Melbourne University’s sandstone façade provides a genteel mask for a ruthless agenda to squeeze more and more out of those working there. The administration’s years-long productivity push currently appears as a number of proposed attacks on staff conditions. In the context of ongoing enterprise bargaining, we’re responding by striking on 9 May, at the same time as the Melbourne Change the Rules Rally, organised by the Victorian Trades Hall Council.
The National Tertiary Education Union has been negotiating with management over a new enterprise agreement for a year. The conditions at stake are important.
The university is seeking to remove academic freedom provisions from the agreement, leaving staff with no legally enforceable protections if they publish or express views that are unpalatable to the university’s corporate administrators.
Management also wants to introduce performance pay by making pay progression for certain professional staff depend on an assessment that they “exceeded” their performance requirements.
But perhaps the most concerning proposal from management is to have two separate agreements: one that will cover academic staff and another for professional staff. Separate agreements will make joint actions such as the 9 May strike more difficult to organise, making it harder for staff to defend their conditions in the future. For a university that makes no secret of the fact that it views the main purpose of non-academic divisions as being to generate revenue, this is a disastrous proposal.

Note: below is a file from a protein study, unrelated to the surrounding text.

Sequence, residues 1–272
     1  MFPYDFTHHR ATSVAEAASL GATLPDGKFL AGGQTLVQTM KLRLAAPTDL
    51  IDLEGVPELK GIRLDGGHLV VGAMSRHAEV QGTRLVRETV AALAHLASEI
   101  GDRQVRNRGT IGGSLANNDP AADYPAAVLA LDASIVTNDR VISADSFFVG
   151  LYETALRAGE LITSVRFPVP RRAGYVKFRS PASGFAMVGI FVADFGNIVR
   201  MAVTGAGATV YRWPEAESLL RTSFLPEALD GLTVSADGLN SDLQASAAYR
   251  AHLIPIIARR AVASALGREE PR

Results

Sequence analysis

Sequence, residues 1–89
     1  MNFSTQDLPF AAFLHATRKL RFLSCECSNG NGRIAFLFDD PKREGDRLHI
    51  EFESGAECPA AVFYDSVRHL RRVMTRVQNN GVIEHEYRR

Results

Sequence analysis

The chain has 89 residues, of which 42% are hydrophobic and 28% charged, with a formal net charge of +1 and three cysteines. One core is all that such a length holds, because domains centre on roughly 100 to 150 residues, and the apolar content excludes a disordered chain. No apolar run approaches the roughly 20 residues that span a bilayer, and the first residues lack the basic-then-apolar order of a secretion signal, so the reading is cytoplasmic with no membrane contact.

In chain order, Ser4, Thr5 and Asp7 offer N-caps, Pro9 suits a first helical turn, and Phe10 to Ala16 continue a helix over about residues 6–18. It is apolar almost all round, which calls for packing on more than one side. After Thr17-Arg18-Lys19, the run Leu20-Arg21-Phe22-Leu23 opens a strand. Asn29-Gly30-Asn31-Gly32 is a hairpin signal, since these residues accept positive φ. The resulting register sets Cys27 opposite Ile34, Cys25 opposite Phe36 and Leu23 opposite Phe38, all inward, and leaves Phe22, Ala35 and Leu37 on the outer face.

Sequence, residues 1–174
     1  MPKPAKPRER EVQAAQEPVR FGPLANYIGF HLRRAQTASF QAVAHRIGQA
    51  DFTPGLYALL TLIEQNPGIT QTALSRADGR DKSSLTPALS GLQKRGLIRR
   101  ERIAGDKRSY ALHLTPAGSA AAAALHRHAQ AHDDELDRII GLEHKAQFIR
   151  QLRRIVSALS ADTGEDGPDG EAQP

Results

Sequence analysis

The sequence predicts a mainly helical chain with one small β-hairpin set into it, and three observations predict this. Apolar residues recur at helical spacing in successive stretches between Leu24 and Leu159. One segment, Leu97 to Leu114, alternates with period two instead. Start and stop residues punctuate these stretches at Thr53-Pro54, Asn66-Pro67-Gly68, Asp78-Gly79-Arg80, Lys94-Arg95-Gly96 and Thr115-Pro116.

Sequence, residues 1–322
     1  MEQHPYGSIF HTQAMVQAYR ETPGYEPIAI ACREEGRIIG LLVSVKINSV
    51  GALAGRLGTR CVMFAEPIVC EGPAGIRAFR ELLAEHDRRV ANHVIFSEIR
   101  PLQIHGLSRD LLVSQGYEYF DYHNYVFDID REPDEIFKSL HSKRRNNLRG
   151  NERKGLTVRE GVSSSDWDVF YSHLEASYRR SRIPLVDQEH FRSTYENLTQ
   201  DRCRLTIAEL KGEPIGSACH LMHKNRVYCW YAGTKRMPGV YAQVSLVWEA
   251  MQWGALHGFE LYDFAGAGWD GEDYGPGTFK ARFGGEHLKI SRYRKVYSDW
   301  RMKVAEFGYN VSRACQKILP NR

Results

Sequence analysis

Many important union claims also remain outstanding, including Aboriginal and Torres Strait Islander employment guarantees, casual job security improvements and a commitment to student-staff ratios. The university has also not made a pay offer and has, so far, not given staff an annual pay rise, something that has occurred previously when negotiations have dragged on for more than 12 months.
Melbourne University union members have seen how hardline university administrations across the country are using the rigged bargaining system to mount sweeping attacks on conditions. The response has been strong. Around 1,000 union members participated in a protected action ballot authorising strike action. Hopefully, the strike on 9 May will be the start of a serious industrial campaign to beat back the university’s attacks.